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2017 overdose deaths already surpass 2016 total, City of Vancouver estimates

August 21 2017 A suspected 232 people have died from overdose deaths in the city this year

"We will continue to work with the new provincial government and pour City resources into tackling this crisis."

Checking blood pressure

Vancouver Police Department (VPD) reported a suspected three overdose deaths for the week of August 7, bringing the total overdose deaths in the city to 232 so far this year - surpassing the yearly total for 2016 of 231 deaths reported by the BC Coroners Service.

At this rate, the City is anticipating more than 400 deaths by the end of the year.

Average of 135 overdose calls weekly

While first responders and community organizations continue to make a positive impact, more funding and collaboration across all levels of government is needed to save lives.

"The rising number of overdose deaths this year is horrendous and absolutely heartbreaking," says Mayor Gregor Robertson. "We will continue to work with the new provincial government and pour City resources into tackling this crisis. We can't be complacent and let the number of deaths from this public health crisis be the new normal."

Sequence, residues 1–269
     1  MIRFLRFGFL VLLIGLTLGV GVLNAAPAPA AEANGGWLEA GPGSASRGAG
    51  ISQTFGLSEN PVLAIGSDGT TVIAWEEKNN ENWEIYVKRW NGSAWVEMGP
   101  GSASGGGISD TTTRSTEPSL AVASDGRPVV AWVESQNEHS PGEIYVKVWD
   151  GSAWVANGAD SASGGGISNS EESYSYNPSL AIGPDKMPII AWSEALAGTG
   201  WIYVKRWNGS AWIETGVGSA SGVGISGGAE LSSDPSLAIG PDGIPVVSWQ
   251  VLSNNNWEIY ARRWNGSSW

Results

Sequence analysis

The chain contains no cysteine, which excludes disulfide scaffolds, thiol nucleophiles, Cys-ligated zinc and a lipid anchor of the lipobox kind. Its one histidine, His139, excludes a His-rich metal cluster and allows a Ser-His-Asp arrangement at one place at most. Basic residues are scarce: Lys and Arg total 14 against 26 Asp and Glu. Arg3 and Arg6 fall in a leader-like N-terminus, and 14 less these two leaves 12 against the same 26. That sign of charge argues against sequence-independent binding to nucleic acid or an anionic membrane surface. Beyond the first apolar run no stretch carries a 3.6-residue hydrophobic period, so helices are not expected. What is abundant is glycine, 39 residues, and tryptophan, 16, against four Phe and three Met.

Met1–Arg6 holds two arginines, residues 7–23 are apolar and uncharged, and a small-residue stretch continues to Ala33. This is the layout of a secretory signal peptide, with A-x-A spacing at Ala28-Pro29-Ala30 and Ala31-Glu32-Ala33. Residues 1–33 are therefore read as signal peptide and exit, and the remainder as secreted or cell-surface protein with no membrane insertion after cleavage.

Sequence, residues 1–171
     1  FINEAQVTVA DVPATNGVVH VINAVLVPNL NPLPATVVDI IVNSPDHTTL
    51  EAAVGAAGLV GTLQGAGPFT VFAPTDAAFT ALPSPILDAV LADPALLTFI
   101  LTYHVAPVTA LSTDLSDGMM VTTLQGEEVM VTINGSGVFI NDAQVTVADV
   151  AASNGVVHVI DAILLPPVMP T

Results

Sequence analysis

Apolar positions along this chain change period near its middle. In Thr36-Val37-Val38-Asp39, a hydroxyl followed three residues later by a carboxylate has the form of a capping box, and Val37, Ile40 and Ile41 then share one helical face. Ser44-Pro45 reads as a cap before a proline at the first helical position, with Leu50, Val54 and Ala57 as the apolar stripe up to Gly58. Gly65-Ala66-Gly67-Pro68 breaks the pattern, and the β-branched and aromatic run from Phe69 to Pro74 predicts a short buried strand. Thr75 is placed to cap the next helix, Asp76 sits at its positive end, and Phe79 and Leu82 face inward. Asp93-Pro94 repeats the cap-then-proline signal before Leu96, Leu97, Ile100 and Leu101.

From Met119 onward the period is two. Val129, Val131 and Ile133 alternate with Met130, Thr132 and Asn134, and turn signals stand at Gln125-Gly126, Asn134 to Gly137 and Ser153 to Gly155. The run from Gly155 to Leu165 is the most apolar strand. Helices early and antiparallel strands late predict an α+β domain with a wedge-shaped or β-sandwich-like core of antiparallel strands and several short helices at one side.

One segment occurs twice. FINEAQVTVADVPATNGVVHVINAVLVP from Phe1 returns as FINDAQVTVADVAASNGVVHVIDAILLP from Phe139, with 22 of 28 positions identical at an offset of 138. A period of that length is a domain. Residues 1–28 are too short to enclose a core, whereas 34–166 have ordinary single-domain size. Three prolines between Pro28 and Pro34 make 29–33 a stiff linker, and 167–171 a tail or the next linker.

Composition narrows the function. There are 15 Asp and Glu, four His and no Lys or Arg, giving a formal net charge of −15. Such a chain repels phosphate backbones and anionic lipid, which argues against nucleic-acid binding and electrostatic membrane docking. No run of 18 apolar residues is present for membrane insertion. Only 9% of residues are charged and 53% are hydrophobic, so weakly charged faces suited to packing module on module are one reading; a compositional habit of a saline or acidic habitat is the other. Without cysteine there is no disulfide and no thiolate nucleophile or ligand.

As reported last week, first responders continue to handle an extreme volume of overdose response calls. Vancouver Fire and Rescue Services (VRFS) responded to 102 calls for the week of August 7, a slight decrease from the 114 reported the week prior.

On average, the City's first responders have received 135 calls weekly in 2017.

Recommended actions

The City is calling on the federal and provincial government to make this public health emergency a top priority by addressing four key pillars of harm reduction, treatment, prevention, and enforcement.  

A few of the actions recommended to both levels of government include:

  • Creating a national regulatory framework for all illicit substances and exploring decriminalization
  • Expanding addictions treatment including injectable options
  • Increasing the number of overdose prevention sites to all communities in need
  • Providing necessary services in supportive housing for people at risk for overdose
  • Implementing drug checking technology and programs
  • Amending legislation for MSP to include coverage for evidence based, psycho-social addiction treatments

Toxicology reports on the most recent deaths are not yet complete, and final overdose death numbers need to be confirmed by the BC Coroners Service.

Read the BC Coroners Services' report on Illicit Drug Overdose Deaths in BC, January 1, 2007 to June 2017 (490 KB)